2. Identify important, well-defined problems and subproblems that must be solved by distributed algorithms in wireless ad hoc networks. These will include problems of low-level and higher-level communication, time synchronization, localization, network configuration, resource allocation, tracking, and data management.
3. Learn about the most important existing algorithms for many of these problems, and identify places where additional algorithmic work is needed.
4. Identify some inherent limitations (lower bound and other impossibility results) on the solvability of problems in wireless networks.
5. Identify useful abstraction layers for programming wireless networks.
The course will involve reading a series of recent research papers, proceeding roughly from lower to higher layers in the ``protocol stack'': MAC layer: Collision avoidance, backoff strategies; Collision detection. Local infrastructure: Local consensus, leader election; Local reliable broadcast, replicated state machines; Localization; Time synchronization. Broadcast Point-to-point routing Location-based communication services: Location services; Geographical routing. Global infrastructure: Power-aware topology control; Clustering; Maximal independent set, spanning trees. Middleware services: Mutual exclusion, resource allocation; Token circulation; Group membership, group communication; Synchronization, consensus. Virtual node layers. Applications: Data aggregation; Implementing shared memory; Tracking; Robot motion coordination.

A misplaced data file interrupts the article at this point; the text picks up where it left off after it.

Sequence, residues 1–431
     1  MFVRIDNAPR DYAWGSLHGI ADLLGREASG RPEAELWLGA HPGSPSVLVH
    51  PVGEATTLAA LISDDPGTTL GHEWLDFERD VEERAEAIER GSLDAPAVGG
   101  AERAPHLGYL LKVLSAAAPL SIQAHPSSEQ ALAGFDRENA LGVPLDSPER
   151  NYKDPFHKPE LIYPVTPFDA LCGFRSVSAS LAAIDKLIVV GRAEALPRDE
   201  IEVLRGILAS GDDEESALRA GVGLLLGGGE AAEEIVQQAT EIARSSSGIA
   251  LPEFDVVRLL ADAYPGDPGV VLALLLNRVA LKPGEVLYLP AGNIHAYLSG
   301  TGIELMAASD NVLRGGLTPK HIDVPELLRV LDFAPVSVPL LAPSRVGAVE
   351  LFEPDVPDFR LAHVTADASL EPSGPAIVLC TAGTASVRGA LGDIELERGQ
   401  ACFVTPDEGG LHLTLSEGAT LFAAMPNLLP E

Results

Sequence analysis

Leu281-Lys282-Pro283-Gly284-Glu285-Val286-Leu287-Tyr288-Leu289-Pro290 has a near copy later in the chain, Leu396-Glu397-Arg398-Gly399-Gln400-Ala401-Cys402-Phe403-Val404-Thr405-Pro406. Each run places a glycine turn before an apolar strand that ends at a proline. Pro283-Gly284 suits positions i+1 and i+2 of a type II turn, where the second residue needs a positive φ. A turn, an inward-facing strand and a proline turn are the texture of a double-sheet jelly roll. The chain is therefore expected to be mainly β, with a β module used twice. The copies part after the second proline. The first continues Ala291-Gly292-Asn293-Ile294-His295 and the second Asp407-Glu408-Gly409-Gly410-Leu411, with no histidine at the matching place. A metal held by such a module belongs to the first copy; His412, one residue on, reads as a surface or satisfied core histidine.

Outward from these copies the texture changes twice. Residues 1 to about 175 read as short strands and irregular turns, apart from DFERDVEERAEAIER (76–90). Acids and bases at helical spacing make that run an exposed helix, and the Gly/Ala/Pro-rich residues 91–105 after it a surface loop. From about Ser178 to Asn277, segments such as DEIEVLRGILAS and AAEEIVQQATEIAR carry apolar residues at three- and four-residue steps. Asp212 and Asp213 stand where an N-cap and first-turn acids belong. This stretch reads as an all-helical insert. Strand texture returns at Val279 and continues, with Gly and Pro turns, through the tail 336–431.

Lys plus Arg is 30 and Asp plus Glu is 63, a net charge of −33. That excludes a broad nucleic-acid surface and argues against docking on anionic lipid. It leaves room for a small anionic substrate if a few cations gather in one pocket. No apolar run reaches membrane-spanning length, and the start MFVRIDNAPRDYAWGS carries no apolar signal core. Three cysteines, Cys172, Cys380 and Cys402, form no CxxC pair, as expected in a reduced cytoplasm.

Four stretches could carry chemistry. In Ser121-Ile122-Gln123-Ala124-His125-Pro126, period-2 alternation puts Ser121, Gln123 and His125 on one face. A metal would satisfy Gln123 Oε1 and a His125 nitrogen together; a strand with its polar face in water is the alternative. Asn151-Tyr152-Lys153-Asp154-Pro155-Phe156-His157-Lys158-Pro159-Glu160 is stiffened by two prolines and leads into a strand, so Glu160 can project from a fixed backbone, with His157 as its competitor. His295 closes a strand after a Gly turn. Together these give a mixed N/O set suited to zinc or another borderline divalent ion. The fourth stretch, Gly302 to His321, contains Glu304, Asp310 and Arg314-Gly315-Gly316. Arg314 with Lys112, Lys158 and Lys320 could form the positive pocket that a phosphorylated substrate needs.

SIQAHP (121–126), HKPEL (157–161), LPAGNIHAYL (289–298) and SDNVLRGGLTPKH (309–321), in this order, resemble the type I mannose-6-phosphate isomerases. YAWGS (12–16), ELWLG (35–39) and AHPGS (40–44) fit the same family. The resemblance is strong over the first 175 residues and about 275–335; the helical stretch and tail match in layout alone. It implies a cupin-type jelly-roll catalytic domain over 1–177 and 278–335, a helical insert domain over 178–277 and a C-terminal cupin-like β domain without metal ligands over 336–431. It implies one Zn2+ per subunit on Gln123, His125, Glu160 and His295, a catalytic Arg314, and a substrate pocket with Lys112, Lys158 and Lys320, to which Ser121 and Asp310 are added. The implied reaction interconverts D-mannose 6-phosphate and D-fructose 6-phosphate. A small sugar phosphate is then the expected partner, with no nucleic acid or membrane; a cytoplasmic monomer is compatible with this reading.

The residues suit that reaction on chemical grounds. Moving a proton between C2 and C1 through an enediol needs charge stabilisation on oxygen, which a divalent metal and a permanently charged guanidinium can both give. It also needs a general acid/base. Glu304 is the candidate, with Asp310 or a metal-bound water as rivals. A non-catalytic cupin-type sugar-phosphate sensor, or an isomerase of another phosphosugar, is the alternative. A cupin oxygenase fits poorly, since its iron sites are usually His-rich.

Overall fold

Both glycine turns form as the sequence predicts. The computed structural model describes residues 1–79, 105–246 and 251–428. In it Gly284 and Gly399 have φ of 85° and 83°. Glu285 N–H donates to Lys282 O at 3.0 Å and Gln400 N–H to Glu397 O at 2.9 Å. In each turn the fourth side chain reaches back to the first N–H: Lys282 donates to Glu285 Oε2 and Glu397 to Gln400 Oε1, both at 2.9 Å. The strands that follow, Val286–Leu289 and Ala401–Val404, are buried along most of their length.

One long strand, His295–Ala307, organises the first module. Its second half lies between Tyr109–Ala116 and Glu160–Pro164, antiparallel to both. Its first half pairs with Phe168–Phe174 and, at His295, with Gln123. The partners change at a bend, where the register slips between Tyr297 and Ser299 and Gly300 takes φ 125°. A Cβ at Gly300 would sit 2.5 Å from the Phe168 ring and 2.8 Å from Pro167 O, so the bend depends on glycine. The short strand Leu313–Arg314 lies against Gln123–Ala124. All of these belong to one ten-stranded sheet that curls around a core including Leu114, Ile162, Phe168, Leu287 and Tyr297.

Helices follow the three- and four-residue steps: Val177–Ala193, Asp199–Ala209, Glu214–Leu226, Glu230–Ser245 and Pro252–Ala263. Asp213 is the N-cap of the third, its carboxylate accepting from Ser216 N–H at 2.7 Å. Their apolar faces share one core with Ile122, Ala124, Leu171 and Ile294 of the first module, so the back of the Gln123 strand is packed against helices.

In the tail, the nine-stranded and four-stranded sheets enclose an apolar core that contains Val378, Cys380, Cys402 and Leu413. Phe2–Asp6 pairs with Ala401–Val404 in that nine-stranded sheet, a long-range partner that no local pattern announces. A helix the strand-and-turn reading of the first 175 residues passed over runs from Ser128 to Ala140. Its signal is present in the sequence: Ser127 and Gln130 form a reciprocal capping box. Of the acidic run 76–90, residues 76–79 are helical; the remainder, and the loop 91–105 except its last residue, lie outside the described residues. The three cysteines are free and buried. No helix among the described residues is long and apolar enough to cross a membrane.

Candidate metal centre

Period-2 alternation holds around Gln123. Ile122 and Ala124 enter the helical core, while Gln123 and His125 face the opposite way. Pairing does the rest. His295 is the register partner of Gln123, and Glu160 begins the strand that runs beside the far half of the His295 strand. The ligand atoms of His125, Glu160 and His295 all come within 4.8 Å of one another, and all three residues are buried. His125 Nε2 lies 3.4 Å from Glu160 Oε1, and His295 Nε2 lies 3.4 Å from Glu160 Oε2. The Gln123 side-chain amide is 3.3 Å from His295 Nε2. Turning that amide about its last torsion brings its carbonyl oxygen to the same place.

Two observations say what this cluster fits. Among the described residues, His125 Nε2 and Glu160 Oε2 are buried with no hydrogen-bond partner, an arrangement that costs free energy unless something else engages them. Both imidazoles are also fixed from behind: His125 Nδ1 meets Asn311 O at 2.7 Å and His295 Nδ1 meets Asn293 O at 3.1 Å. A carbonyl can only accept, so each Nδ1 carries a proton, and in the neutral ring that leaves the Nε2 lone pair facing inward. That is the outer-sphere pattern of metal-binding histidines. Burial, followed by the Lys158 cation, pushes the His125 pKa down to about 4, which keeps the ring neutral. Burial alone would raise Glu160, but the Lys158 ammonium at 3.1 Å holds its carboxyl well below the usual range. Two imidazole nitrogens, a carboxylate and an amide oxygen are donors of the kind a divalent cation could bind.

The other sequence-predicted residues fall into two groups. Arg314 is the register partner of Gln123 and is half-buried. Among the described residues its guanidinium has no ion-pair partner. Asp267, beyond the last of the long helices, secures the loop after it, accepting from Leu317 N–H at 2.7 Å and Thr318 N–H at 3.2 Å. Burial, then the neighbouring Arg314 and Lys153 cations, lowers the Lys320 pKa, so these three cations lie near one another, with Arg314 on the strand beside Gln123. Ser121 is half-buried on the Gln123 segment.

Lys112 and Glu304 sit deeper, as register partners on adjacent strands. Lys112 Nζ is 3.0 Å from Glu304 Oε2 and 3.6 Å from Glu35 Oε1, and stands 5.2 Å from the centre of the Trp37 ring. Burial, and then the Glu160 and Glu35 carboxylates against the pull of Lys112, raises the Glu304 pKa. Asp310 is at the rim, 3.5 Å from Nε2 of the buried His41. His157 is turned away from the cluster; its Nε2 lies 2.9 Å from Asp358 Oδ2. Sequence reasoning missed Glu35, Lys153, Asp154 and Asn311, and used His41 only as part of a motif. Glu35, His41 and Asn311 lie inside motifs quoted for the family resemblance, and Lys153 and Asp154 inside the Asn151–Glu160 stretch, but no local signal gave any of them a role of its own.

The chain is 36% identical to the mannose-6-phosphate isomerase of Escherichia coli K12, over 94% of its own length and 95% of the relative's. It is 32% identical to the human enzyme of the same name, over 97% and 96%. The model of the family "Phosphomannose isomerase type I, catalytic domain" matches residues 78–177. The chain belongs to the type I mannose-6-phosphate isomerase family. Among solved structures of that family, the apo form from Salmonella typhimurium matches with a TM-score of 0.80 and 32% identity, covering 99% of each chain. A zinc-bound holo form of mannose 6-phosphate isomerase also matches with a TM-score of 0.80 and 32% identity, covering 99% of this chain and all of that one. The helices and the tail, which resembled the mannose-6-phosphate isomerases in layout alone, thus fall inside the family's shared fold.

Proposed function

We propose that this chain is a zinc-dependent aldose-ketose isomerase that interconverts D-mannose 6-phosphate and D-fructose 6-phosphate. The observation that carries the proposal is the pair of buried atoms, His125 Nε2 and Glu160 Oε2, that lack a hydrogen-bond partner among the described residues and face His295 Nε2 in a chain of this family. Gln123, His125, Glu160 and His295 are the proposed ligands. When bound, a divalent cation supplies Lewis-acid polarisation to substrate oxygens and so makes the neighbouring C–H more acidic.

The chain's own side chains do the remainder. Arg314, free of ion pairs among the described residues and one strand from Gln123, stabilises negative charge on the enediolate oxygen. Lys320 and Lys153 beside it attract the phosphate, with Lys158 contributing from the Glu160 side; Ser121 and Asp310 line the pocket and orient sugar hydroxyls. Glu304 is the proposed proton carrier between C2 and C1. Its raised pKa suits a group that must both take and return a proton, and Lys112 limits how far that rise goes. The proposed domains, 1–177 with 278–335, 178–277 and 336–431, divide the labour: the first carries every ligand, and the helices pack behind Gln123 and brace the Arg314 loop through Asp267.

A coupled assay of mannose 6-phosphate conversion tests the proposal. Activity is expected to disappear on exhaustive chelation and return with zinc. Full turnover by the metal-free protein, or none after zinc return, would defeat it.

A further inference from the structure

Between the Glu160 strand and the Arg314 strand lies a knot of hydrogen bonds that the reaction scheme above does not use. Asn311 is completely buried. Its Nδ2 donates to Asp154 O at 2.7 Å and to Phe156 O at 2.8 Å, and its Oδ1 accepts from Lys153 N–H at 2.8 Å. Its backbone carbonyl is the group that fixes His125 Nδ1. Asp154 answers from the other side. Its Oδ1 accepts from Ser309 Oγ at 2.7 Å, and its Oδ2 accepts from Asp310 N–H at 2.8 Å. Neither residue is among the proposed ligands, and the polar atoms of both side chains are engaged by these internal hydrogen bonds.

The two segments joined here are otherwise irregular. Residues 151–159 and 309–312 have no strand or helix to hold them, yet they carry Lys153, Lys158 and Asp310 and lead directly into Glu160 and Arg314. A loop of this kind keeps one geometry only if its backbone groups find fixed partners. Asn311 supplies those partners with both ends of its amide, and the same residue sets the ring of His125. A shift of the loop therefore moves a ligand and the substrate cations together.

Prereq.: 6.046, 6.033, 6.852 or equivalent of each



6.338J/18.337J Applied Parallel Computing

Teacher:  Prof. Alan Edelman
Meeting Time: 


Brief Description: 

NOTE: The class this year will be involved in a supercomputing productivity study.